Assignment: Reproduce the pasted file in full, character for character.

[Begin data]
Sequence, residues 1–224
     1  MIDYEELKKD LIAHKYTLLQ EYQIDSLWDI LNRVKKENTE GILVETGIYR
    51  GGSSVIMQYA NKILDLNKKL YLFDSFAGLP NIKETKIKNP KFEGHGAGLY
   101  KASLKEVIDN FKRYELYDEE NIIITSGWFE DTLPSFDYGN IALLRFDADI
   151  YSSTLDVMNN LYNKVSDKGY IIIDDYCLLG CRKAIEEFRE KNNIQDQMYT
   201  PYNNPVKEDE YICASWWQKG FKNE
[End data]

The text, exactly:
Sequence, residues 1–224
     1  MIDYEELKKD LIAHKYTLLQ EYQIDSLWDI LNRVKKENTE GILVETGIYR
    51  GGSSVIMQYA NKILDLNKKL YLFDSFAGLP NIKETKIKNP KFEGHGAGLY
   101  KASLKEVIDN FKRYELYDEE NIIITSGWFE DTLPSFDYGN IALLRFDADI
   151  YSSTLDVMNN LYNKVSDKGY IIIDDYCLLG CRKAIEEFRE KNNIQDQMYT
   201  PYNNPVKEDE YICASWWQKG FKNE